Shedding Light on 2012's Phase-In of Energy-Efficient Bulbs
The federal government’s energy efficiency standards for light bulbs are expected to save Americans money on their electric bills and make it easier for them to choose the type of lighting they want, according to several energy and lighting organizations.
“We want to make sure that consumers know about the transition to efficient lighting and embrace the new technologies being offered by the lighting manufacturers," said Gail Hendrickson, the Alliance’s executive vice president for external communications and operations. “Efficient lighting products will reduce energy use nationwide and have a positive impact on the environment.”
California put the new standards in place at the beginning of this year, and they will spread across the United States in January 2012. At that time, light bulb manufacturers will be subject to minimum requirements for the amount of light emitted per unit of energy used in general service light bulbs. By 2014, the old fashioned, energy-hogging bulbs that have remained unchanged for decades will gradually be replaced by many more energy-efficient, cost-effective options throughout the United States.
Out with the Old…
Despite exponential progress in technology, the incandescent light bulb has sustained its form since Thomas Edison designed it more than a century ago. Now, the United States is catching up to several countries around the world that are transitioning to more efficient lighting.
The U.S. lighting transition is part of the Energy Independence and Security Act (EISA), which requires manufacturers to develop light bulbs that produce the same amount of brightness (lumens) with less energy (watts). The more stringent standards mean incandescent light bulbs must become at least 28 percent more efficient. In other words, the everyday, 100-watt bulb will have to produce the same brightness by using just 72 watts.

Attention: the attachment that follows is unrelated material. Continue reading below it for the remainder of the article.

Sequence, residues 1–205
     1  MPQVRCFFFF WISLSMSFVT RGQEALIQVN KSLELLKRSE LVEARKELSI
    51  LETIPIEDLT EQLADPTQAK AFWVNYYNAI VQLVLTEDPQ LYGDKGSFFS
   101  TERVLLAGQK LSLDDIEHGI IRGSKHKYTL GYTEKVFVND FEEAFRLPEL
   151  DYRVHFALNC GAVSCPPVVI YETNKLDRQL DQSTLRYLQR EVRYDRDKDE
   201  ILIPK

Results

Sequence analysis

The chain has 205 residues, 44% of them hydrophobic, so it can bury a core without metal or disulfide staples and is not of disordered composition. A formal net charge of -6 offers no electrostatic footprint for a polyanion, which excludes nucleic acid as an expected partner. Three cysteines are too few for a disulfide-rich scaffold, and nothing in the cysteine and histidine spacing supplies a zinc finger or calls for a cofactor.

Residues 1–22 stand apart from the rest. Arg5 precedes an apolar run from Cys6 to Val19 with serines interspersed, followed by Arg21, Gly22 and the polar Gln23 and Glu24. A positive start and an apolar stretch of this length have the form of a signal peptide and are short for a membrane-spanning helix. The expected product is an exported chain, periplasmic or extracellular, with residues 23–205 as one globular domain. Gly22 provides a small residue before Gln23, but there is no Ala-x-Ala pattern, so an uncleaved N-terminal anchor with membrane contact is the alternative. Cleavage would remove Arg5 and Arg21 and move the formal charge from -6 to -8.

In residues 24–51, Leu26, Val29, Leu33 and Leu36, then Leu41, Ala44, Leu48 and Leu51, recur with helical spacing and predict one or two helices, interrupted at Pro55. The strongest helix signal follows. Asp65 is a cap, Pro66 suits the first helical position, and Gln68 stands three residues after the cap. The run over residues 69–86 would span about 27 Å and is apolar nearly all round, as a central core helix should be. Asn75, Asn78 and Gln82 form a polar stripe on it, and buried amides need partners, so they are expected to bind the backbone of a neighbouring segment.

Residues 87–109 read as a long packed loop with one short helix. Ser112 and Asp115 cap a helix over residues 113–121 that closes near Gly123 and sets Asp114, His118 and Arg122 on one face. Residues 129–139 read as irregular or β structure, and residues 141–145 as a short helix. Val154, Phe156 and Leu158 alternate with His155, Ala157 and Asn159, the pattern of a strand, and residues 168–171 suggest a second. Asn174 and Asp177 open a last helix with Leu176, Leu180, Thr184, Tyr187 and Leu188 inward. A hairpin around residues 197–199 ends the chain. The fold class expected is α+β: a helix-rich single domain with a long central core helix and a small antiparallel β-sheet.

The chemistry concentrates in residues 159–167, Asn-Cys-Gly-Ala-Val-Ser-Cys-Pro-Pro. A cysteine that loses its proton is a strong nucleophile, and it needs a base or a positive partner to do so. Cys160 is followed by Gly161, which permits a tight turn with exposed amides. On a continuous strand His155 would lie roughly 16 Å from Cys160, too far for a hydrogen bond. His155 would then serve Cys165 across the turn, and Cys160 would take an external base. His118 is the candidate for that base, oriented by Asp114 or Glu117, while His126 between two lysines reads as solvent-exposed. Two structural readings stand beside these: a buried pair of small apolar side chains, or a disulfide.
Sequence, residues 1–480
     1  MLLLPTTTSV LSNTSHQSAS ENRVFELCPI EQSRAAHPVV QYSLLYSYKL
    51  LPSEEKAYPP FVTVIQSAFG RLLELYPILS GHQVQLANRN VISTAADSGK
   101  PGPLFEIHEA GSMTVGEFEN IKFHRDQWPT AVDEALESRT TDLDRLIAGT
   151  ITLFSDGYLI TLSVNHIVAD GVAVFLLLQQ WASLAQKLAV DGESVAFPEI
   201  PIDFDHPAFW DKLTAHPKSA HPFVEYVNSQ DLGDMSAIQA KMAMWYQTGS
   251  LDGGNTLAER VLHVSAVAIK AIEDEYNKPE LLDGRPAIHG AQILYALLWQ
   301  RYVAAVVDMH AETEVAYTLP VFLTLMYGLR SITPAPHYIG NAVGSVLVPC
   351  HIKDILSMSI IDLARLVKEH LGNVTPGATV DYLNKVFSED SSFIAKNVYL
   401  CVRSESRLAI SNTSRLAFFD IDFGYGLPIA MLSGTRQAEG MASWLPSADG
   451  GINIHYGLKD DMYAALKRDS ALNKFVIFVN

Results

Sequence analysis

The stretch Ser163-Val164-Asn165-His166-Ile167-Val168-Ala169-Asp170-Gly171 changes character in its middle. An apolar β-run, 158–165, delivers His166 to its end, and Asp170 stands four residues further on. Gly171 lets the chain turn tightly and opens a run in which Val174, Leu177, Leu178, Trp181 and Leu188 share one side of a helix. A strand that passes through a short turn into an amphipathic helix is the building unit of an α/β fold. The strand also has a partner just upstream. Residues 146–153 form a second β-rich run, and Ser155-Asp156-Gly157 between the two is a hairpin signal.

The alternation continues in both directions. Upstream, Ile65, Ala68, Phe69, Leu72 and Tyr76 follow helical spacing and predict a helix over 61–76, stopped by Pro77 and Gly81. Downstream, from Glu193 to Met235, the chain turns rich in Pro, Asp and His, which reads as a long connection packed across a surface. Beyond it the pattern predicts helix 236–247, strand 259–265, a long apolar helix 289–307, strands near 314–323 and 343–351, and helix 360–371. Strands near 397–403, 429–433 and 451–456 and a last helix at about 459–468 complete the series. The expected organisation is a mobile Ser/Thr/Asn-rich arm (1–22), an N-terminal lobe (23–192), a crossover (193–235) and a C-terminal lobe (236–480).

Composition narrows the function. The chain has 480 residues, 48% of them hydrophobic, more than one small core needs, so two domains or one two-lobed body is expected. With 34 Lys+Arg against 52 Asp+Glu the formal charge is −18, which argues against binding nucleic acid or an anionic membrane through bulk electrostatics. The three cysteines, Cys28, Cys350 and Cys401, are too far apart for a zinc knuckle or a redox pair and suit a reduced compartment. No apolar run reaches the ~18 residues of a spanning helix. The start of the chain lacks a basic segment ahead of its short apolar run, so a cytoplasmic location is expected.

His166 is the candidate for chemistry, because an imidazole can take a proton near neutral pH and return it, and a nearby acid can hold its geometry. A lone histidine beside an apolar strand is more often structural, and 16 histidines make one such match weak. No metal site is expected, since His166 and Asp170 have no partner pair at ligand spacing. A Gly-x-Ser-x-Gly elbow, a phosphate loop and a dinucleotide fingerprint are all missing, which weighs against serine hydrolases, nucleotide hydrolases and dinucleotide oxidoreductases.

Because most incandescent light bulbs cannot meet the new energy efficiency requirements, they will dwindle from store shelves. However, the regulation does not “ban” any particular bulb.
“The standards are ‘technology neutral,’ which means that no specific type of light bulb is being banned. Instead, EISA sets a performance standard that requires light bulbs to generate a specific amount of light for a certain amount of energy used,” explained Department of Energy Deputy Secretary Jen Stutsman.
But the standards also support lighting options that are vastly more efficient than incandescents could ever be.
… In with the New
Far from limiting options on lighting, manufacturers and retailers are offering modernized incandescent light bulbs and brand new, high-efficiency options for homes and offices that reduce energy and cost, according to American Lighting Association (ALA) Communications Director Amy Wommack.
“Many of these products have a payback from a financial standpoint, which means that their somewhat higher initial cost is paid back to the purchaser over time by energy and maintenance cost savings,” Wommack said.
The increased variety of energy-efficient lighting options include halogens, light-emitting diodes (LEDs) and compact flourescent lamps (CFLs). Most applicable for homes, CFLs use one-fourth the energy that traditional incandescents use to provide the same amount of light; CFLs also last 10 times longer and come in a variety of lighting colors and dimming options.